I feel like getting too detailed about any events or scenes would be to deny anyone who hasn’t played it the single most exciting thing about Sludge Life, an aspect that I’ve completely failed to get across: SLUDGE LIFE isn’t just stylish. It’s also funny as hell. There were so many times I would be playing and just felt like I had to turn to my partner and show them something that was happening on the screen.

“Look,” I’d say, showing them a man talking about a giant deuce he found. We’d both laugh. It was beautiful. It was love.

This humor isn’t just dialogue, either. There are visual gags as well, so many of them that this is one of the only games where I took advantage of the camera feature constantly because I just loved so much of what I was looking at. Also, I needed to take a picture of all the cats.

Pobody’s Nerfect 

The game isn’t perfect, of course, and its flaws are frustratingly central to the core of what makes it fun. I don’t have a very good sense of direction in real life or in video games, so I spent a lot of time just sort of wandering in circles because it felt like trying super hard to unlock or see everything right then would be a betrayal of the game’s overall vibe. Because of that, things got a little tedious as I circled the places I knew and only occasionally found one of the new locations, where things would open back up.

Part of the reason for my trepidation was also my fear of falling from a great height. Playing the game on Switch was not conducive to roaming, because the controls aren’t very precise. This matters less when you’re a few feet from the ground, but when you’re high up and you fall because you couldn’t gauge the distance of a beam, it’s considerably more frustrating. I was usually able to let it go because I just went and did something else—flowing with the vibe, you feel?—but this made problems later on as the story got more involved. I wish the controls had been more precise because this is much of the reason I haven’t gotten all of the endings yet.

One final gripe is that the character designs are…well, it’s good that all of the characters have the lip designs they do, not just the non-white ones, but the optics on cartoonishly large lips are not great. My first interaction with an NPC was with a black worker on strike who had extremely large lips, and it was some time before I realized this was how everyone looked. My partner glanced over while I was talking to someone and immediately pointed out the same issue. I don’t think it was intentional—especially because you can decide whether or not GHOST pees standing up, which I think is both cool and well-done—but the historic use of designs like this should be kept in mind when designing characters.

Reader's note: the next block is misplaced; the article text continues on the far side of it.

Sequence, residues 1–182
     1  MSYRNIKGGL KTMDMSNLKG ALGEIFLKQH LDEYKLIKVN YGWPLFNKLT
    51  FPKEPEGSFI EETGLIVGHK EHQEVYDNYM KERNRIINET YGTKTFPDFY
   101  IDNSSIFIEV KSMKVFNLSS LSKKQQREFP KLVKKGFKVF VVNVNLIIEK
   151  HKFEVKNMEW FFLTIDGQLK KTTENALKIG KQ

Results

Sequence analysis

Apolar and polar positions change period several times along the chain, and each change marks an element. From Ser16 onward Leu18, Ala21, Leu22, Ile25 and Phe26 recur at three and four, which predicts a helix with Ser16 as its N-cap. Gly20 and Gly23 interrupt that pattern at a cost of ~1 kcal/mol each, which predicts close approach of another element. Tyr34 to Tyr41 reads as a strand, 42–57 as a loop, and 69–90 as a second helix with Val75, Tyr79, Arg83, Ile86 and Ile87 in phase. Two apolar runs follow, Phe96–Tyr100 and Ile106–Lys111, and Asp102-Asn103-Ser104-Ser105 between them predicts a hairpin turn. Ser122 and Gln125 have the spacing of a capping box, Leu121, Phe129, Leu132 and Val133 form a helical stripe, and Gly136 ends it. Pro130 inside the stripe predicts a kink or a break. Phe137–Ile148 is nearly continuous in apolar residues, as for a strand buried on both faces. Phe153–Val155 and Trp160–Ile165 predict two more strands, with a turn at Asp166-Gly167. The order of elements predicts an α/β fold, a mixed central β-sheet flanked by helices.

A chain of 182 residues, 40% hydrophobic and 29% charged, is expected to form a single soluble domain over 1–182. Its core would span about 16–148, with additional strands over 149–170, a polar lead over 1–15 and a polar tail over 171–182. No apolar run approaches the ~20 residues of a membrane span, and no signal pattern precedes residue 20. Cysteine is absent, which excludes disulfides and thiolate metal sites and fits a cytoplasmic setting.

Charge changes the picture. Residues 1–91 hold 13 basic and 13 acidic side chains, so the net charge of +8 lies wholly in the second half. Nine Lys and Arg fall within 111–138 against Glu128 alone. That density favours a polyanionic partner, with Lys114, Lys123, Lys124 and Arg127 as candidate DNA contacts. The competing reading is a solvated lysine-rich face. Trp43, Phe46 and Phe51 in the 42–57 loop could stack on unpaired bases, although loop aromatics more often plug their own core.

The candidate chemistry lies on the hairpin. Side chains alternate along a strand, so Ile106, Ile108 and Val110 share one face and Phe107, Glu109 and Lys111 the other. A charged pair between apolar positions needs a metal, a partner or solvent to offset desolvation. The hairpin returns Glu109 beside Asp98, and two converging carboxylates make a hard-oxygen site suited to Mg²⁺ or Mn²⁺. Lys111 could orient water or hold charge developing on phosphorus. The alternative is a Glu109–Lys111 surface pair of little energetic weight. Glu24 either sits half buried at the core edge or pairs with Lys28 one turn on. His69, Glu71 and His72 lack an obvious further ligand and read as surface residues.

That said, I really enjoy playing Sludge Life, and I plan to keep picking it up now and then to enjoy the atmosphere of the world that Terri Vellmann and doseone have created. It’s exciting, not disappointing, that there’s so much left undiscovered for me, and I can’t wait to pick up GHOST’s world again, only for some dour fast-food employee to tell me to get lost. Gladly, I’ll say, in this hypothetical scenario I have created inside a video game for myself.

I’ll gladly get lost.

***A Switch code was provided by the publisher***

The Good

  • Sick aesthetic
  • Extremely funny
  • Unique concept
  • Stress-free
  • Cool vibes bro

The Bad

  • Clunky Switch controls
  • Direction-less (literally)
  • Character designs